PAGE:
Blue Sky Vision L.L.C., a Delaware-based management services organization that provides support to eye care providers, has been sued by federal employment officials for employee disability discrimination at a facility in Grand Rapids, Mich.
The U.S. Equal Employment Opportunity Commission (EEOC) alleges Blue Sky Vision violated federal law when subjected an employee to an unlawful medical inquiry and then fired him because it perceived him to be disabled.
According to the EEOC’s lawsuit, the employee was hired in June of 2018 as an optometrist for Blue Sky Vision in Grand Rapids. Approximately three months later, the employee mentioned his medical condition to a coworker. Blue Sky management learned of the employee’s condition and, without conducting an individualized assessment to determine whether the condition would affect his ability to perform his job, told him that he could no longer work for the company.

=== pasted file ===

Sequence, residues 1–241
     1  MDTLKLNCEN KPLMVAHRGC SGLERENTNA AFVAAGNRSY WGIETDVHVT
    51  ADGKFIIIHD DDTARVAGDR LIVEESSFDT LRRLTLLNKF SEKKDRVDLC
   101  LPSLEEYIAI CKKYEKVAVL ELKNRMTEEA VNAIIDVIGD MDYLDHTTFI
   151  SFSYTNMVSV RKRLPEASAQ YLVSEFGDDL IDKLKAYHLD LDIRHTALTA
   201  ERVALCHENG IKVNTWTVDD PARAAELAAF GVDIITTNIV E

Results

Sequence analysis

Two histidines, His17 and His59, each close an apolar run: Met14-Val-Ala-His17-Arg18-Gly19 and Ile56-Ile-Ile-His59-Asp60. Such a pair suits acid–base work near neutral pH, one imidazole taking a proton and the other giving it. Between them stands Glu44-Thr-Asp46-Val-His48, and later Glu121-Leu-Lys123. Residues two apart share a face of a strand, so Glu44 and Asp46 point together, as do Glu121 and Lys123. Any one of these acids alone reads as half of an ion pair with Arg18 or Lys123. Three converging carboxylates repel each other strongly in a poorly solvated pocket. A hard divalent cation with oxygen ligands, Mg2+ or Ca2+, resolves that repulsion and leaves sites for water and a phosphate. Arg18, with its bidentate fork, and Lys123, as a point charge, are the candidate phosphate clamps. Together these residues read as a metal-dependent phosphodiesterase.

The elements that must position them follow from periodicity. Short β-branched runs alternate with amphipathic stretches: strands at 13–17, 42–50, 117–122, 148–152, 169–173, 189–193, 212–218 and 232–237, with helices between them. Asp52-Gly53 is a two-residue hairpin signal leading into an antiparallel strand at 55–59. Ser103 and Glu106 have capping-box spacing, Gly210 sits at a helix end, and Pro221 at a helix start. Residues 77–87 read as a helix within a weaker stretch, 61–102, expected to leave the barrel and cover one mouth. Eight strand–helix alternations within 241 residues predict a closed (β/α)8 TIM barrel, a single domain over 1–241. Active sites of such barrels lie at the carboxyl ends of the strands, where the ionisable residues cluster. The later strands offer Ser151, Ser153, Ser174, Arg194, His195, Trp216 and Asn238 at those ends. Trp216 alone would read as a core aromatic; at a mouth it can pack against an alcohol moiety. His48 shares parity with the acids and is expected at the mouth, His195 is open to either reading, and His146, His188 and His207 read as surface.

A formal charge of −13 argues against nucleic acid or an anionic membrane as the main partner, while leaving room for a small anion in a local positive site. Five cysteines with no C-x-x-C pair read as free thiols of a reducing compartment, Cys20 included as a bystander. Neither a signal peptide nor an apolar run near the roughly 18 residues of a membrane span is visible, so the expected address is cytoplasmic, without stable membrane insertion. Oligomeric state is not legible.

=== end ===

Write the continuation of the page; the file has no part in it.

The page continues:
When the employee argued that Blue Sky’s actions were illegal, the company postponed his termination, placed him on a leave of absence and required him to submit to an overly broad and intrusive medical inquiry into health conditions unrelated to his ability to perform his job.
When the employee opposed the breadth of the medical inquiry and refused to submit to it, Blue Sky sent him an official termination letter, the EEOC said.
Such alleged conduct violates the Americans with Disabilities Act (ADA), which protects employees from improper medical inquiries and from discrimination based on actual or perceived disabilities.
The EEOC filed suit (EEOC v. Blue Sky Vision, LLC. Case No. 1:20-cv-00285) in U.S. District Court for the Western District of Michigan after first attempting to reach a pre-litigation settlement through its conciliation process. The EEOC seeks back pay, compensatory damages and punitive damages, as well as injunctive relief.
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